New national framework for Scottish mountain biking

Aim is to get more people riding and win more medals

A new national strategy for the sustainable development of mountain biking in Scotland was launched today by downhill world champion Steve Peat.

Created by the Scottish Mountain Bike Development Consortium (SMBDC), the framework aims to increase visitors to the country's trails, encourage more Scots to get on their bikes, and help Scottish riders win medals in national and international competitions.

The main targets are:

  • Increase mountain biking visitor numbers by a further 50 percent over the next five years
  • Increase domestic participation in mountain biking by 25 percent over the same period
  • Assist Scots to win at least five medals in world or Commonwealth competitions

To help achieve this, 'development clusters' will be created throughout Scotland. These will involve local authorities, representatives of the national agencies involved in the SMBDC, clubs and local businesses. Initially, five clusters will be established to cover South Scotland, West Central Scotland, Perthshire/Angus/Fife, The Highlands and The North East and Deeside.

The framework was launched today by Peat – who said he was excited that mountain biking was going to be established as a sport for all – and Scottish Minister for Public Health and Sport Shona Robison. They met pupils at BannermanHigh School in Glasgow, which has an after-school mountain biking club.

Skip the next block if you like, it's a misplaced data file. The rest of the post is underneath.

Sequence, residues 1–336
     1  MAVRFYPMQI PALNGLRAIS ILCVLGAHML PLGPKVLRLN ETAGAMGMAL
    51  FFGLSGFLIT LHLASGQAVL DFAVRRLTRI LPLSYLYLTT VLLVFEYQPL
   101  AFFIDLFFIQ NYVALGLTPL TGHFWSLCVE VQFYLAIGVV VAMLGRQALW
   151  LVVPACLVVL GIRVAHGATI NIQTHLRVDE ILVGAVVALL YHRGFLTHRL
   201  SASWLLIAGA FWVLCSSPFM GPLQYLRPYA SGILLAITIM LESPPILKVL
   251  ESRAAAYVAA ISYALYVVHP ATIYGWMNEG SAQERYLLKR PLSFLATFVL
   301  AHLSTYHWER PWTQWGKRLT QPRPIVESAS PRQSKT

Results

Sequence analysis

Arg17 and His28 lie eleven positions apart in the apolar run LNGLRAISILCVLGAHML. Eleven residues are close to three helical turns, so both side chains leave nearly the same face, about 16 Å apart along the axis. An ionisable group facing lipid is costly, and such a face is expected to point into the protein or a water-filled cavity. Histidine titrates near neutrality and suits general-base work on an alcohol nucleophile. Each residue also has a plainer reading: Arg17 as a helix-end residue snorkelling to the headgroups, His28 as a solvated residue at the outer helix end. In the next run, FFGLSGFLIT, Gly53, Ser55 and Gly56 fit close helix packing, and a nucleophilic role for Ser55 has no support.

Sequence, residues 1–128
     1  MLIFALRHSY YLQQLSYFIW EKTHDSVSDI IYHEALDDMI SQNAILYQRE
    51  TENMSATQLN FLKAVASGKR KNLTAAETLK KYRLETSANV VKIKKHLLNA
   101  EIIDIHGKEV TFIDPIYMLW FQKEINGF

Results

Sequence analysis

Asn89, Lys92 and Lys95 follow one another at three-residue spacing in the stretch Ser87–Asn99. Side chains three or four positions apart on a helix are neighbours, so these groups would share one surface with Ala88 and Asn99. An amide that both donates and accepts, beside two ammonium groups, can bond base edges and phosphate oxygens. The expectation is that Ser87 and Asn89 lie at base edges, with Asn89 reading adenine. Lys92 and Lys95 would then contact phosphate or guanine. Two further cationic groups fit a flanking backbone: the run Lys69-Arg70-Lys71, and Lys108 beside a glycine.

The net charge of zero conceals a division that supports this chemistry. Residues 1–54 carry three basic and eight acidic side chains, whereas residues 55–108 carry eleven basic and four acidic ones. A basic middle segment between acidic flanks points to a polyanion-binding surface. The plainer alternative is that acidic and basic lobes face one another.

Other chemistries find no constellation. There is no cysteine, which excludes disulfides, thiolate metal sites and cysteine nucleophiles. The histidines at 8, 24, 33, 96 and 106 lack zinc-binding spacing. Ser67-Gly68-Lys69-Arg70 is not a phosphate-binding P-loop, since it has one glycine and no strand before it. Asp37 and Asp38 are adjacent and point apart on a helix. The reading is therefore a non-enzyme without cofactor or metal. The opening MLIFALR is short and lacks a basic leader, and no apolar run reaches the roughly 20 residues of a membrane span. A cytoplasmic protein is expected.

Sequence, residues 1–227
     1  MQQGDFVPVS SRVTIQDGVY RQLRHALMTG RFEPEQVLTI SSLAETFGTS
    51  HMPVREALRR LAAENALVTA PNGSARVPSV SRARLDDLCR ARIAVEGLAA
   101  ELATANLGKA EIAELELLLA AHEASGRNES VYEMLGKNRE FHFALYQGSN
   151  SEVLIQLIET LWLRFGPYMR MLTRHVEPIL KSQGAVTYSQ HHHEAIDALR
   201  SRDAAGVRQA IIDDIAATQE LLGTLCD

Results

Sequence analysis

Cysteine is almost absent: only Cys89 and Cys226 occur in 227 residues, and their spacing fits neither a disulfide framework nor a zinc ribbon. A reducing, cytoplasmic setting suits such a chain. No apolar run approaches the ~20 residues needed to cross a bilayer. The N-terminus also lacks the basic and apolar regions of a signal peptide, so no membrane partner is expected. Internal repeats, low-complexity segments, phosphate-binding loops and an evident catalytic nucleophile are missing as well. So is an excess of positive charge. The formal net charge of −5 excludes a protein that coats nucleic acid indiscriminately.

A number of potential issues were identified during the creation of the framework, including concerns about liability and litigation, gaps in the geographical distribution of trail centres, the need to avoid environmental damage and the portrayal of mountain biking as an "extreme, macho activity".

The top priorities identified were:

  • Improve access, particularly for those without cars.
  • Manage trails better.
  • Engage local communities.

Robison said: “Mountain biking already contributes a vast amount to Scotland, offering opportunities for participation in sport, encouraging visitors to rural areas, attracting world-class events and producing talented athletes. Delivering the framework will ensure that mountain biking is well placed to build on this effort and play its part in creating an active nation as we build up to the 2014 Commonwealth Games here in Glasgow.”

Over the past 20 years, mountain biking has become established as a major sport in Scotland, thanks in part to purpose-built trail centres like the 7stanes network, which attracts 400,000 visits a year, and events such as the Fort William World Cup. The UK Tourism Survey found that 108,000 trips in Scotland in 2006 involved mountain biking, which rose to 197,000 in 2007.

SMBDC members SNH, sportscotland, Scottish Enterprise, FCS and CTC are funding a three-year programme to take the strategy forward.

You can download a copy of Sustainable Development of Mountain Biking – a National Strategic Framework at www.scottishmountainbikeframework.org.

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